5. Is the aggregation imposed by minimal farming conditions likely to be compatible with the natural behaviour of the species? Is there potential to allow for it under farming conditions? How certain are these findings?

?
Likelihood
?
Potential
M
Certainty

LARVAE: WILD: no data found yet. FARM: initial 30 IND/L reduced to 6 IND/L at 20 days post hatch [6]; 400,000-900,000 IND/ha [1].

JUVENILES: WILD: no data found yet. FARM: cages: 15-40 kg/m3 [1]; RAS: 15 kg/m3 [1]; ponds: 0.3-2 IND/m2 at body weight 20-100 g [1].

ADULTSWILD: no data found yetFARM:  JUVENILES.

SPAWNERS: WILD: spawning aggregations [18]. FARM: 1 kg/m[2].


6. Is the species likely to be non-aggressive and non-territorial? Is there potential for improvement? How certain are these findings?

L
Likelihood
M
Potential
M
Certainty

LARVAE: WILD: no data found yet. FARM: cannibalism decreases with size-grading [6]. LAB: cannibalistic [7] [19] [20].

JUVENILES: WILD: aggressive [21]. FARM: cannibalism decreases under constant dark conditions [22] and in systems with low light intensity and shelters [23]. Further research needed to identify possible long-term effects on welfare.

ADULTS: WILD and FARM: no data found yet.

SPAWNERS: WILD and FARM: no data found yet.


7. Are minimal farming conditions likely to match the natural substrate and shelter needs of the species? Is there potential for improvement? How certain are these findings?

L
Likelihood
M
Potential
M
Certainty

LARVAE: WILDno data found yetFARM: for details of holding systems ➝ crit. 1 and 2.

JUVENILES: WILD: generally prefer to hide under logs and vegetation [11] [24]. FARM: for details of holding systems ➝ crit. 3 and 5. LAB: systems with refuges reduce cannibalism [23].

ADULTS JUVENILES.

SPAWNERS: WILD and FARM: no data found yet.


8. Are minimal farming conditions (handling, confinement etc.) likely not to stress the individuals of the species? Is there potential for improvement? How certain are these findings?

L
Likelihood
M
Potential
H
Certainty

LARVAE: stressed by diets deficient in fatty acids [25].

JUVENILES: stressed by catch and release [26], changes in water temperature from 28 ºC to 36 ºC [27], high stocking density [28], and poor water quality associated with high density [29].

ADULTS: ➝ JUVENILES. LAB: stress by pre-slaughter and slaughter method can be avoided using a rested harvest technique [30].

SPAWNERS: stressed by handling [2].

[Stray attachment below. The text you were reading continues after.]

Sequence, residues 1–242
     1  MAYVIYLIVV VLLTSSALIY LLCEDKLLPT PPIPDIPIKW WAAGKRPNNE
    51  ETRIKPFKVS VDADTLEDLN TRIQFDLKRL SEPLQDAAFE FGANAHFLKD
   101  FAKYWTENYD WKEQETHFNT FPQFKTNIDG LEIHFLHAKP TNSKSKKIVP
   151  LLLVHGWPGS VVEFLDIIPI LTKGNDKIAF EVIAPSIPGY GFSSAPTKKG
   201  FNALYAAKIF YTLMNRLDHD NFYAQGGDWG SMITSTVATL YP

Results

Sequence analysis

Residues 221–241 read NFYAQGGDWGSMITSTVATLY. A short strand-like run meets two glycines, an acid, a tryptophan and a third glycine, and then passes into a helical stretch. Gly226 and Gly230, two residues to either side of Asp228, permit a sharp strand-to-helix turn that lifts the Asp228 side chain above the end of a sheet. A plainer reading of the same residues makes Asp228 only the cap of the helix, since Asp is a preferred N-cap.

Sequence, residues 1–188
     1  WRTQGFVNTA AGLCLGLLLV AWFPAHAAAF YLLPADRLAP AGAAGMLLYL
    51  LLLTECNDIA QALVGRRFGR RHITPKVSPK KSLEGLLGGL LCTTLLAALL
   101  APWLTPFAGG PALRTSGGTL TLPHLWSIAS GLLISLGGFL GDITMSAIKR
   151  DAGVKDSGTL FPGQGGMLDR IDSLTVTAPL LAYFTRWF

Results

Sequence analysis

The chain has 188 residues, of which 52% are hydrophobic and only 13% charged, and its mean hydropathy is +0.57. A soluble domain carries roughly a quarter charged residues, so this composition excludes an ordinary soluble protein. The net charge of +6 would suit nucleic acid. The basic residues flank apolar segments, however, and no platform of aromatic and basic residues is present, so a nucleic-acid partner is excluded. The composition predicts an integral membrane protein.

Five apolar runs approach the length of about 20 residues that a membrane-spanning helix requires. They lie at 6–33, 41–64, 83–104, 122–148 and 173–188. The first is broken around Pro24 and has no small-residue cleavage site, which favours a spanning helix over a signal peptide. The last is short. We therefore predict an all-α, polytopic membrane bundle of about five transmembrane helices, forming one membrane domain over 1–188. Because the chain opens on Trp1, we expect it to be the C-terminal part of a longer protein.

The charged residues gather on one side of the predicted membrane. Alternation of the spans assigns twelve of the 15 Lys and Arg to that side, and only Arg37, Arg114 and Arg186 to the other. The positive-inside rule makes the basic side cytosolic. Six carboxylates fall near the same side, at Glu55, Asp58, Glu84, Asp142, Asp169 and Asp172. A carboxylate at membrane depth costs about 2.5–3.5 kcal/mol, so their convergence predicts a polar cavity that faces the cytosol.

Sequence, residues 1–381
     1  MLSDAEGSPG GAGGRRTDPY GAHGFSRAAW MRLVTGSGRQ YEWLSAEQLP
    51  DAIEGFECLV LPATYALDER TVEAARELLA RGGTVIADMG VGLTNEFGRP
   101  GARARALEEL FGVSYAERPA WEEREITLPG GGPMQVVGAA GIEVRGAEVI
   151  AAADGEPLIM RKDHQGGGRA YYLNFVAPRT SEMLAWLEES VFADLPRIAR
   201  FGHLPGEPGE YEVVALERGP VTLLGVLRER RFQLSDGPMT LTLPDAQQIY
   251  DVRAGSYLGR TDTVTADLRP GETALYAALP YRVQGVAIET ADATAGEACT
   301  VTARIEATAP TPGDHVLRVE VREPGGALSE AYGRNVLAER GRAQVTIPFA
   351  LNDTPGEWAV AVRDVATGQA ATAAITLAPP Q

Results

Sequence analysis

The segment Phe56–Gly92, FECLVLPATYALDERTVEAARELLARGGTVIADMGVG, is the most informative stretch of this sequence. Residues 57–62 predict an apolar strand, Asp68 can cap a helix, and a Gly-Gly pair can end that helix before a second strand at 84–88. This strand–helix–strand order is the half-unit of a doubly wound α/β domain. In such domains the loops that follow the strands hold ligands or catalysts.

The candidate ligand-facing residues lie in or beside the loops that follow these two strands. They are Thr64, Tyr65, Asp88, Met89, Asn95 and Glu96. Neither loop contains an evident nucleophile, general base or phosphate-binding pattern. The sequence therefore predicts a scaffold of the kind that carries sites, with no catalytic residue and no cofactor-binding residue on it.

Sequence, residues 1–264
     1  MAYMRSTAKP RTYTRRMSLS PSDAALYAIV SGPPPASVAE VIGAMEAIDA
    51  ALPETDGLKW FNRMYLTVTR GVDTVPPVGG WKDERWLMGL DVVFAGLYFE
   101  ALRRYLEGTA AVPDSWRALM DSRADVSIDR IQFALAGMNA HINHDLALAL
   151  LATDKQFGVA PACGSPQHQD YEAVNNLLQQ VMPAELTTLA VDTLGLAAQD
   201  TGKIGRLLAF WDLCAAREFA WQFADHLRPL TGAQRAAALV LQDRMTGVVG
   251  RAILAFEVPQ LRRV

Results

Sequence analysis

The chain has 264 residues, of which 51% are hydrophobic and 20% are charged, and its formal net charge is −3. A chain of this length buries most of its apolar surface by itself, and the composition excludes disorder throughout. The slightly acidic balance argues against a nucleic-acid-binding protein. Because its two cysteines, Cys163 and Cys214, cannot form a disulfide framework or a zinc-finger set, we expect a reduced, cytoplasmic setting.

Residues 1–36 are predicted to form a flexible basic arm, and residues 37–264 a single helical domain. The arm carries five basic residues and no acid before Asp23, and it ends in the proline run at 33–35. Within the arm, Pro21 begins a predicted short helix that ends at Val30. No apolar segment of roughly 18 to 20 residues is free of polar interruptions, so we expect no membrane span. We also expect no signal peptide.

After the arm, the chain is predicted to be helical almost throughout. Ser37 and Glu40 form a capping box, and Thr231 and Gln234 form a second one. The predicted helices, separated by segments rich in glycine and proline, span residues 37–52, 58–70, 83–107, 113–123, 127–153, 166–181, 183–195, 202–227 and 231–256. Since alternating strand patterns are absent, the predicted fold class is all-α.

9. Are malformations of this species likely to be rare under farming conditions? Is there potential for improvement? How certain are these findings?

L
Likelihood
L
Potential
M
Certainty

LARVAE: malformed spine in 1.1-7.7% individuals [31]; malformed jaw and operculum in 4.2-35.7% [32]; malformed jaw and spine in 1.0-22.0% [33].

JUVENILES: no data found yet.

ADULTS: no data found yet.


10. Is a humane slaughter protocol likely to be applied under minimal farming conditions? Is there potential for improvement? How certain are these findings?

L
Likelihood
M
Potential
M
Certainty

Common slaughter method: asphyxia in ice water slurry [30]. Indications that stunning with 25 mg/L clove oil before slaughter is most effective [30]. Further research needed to confirm for farming conditions.


Side note: Domestication

DOMESTICATION LEVEL 4 [34], level 5 being fully domesticated.


Side note: Feeding without components of forage fishery

All age classes: WILD: carnivorous [35]. FARM: fish meal and fish oil may be partly* replaced by non-forage fishery components [36] [37] [38] [39] [40].

*partly = <51% – mostly = 51-99% – completely = 100%


Glossary

ADULTS = mature individuals, for details Findings 10.1 Ontogenetic development
CATADROMOUS = migrating from fresh water into the sea to spawn
DOMESTICATION LEVEL 4 = entire life cycle closed in captivity without wild inputs [34]
FARM = setting in farm environment
IND = individuals
JUVENILES = fully developed but immature individuals, for details Findings 10.1 Ontogenetic development
LAB = setting in laboratory environment
LARVAE = hatching to mouth opening, for details Findings 10.1 Ontogenetic development
SPAWNERS = adults that are kept as broodstock
WILD = setting in the wild


Bibliography